Summer is here and that means we’ve packed away our heavy coats for the season. However, our four-legged friends aren’t so lucky. They can’t just shed their fur to beat the heat.
Although being covered in fur helps dogs and cats survive cold New England winters, being covered by fur makes it tough for them to manage the dog days of summer, according to Douglas Aspros, DVM and president of the American Veterinary Medical Association.
“Both dogs and cats dissipate heat by panting [and] as they get overheated, they pant more quickly trying to maintain a safe internal temperature,” according to Aspros.
Here are five tips to help your furry family members stay cool this summer:
- Keep your pets in cool, shady areas when they’re outside. If your pets have short, light-colored or white coats (and ears), avoid direct sunlight. It’s also best to keep them indoors on really hot days.
- Use your home security system’s mobile app to remotely adjust the air conditioning to be sure the temperature is at a safe and comfortable level when your pets are home alone.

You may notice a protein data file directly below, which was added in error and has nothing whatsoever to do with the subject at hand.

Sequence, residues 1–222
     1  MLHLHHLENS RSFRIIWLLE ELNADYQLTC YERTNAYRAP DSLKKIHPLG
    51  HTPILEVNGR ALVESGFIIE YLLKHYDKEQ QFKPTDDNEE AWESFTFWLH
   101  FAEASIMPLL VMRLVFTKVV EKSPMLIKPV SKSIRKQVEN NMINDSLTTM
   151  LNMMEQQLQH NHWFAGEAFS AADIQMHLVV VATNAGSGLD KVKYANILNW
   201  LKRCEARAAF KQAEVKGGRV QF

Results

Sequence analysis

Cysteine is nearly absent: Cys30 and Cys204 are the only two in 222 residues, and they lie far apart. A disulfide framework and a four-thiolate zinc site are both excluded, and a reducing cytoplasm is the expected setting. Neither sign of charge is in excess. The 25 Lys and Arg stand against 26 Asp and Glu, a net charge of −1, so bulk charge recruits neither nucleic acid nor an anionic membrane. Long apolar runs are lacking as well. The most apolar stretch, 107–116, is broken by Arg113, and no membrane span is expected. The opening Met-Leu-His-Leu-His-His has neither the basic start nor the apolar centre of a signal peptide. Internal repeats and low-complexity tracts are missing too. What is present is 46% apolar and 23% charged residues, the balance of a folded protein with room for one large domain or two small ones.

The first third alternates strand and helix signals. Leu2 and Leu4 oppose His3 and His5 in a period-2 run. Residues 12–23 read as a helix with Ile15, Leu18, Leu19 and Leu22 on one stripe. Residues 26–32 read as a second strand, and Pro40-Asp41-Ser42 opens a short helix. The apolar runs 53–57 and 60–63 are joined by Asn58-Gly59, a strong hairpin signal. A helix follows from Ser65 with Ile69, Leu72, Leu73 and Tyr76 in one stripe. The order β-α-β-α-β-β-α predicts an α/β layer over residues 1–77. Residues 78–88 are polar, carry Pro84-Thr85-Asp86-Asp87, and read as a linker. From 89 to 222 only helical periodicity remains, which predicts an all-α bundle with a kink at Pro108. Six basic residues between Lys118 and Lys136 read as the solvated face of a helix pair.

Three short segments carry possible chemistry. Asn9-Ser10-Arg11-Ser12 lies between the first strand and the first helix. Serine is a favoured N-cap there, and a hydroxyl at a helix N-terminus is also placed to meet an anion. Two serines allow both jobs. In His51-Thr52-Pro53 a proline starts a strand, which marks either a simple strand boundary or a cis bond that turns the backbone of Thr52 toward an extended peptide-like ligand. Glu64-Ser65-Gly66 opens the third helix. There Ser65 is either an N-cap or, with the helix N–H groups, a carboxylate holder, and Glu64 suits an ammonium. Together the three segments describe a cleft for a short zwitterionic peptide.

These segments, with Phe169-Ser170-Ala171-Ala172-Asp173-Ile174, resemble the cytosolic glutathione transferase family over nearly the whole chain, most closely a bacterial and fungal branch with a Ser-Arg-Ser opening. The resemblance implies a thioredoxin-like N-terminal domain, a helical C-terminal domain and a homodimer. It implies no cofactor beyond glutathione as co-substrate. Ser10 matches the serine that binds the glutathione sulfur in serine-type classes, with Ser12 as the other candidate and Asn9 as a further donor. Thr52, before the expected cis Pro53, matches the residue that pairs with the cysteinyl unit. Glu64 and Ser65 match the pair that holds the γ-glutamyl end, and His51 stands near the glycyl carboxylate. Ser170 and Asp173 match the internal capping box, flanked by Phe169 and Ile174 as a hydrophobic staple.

- Be sure your animals have fresh, cool water in large containers. Add ice to the water to keep it cool. Provide numerous sources of water in case they spill one. If your pets are outside, place the containers in the shade. Water alternatives are also great for pets since they replenish electrolytes and taste good, too.
- Walk your pets in the early morning or late evening, when it’s a little cooler. Hot pavement or asphalt can easily burn your pets’ paws. Bring water with you on your walks so they don’t dehydrate.
- Dog breeds with shorter muzzles/noses have difficulty breathing, so take it easy when you walk them.
- Buy a kiddie pool, put it in the shade and fill it with water so your dog can splash around or lie down in it to keep cool.
- Your small pets, such as rabbits, guinea pigs and birds, are especially sensitive to heat so you should bring them inside during hot weather. Place their cages out of the direct sunlight – on a cool tile floor is best. Drape their cages with cold, wet towels. Check the towels periodically to make sure that they’re still cool and replace them when necessary. If you have ice packs put them in one or two corners of your pets’ cages so they can lean against them to keep cool.
However, if you notice that your pets are in distress take them to your vet or local emergency animal clinic immediately.
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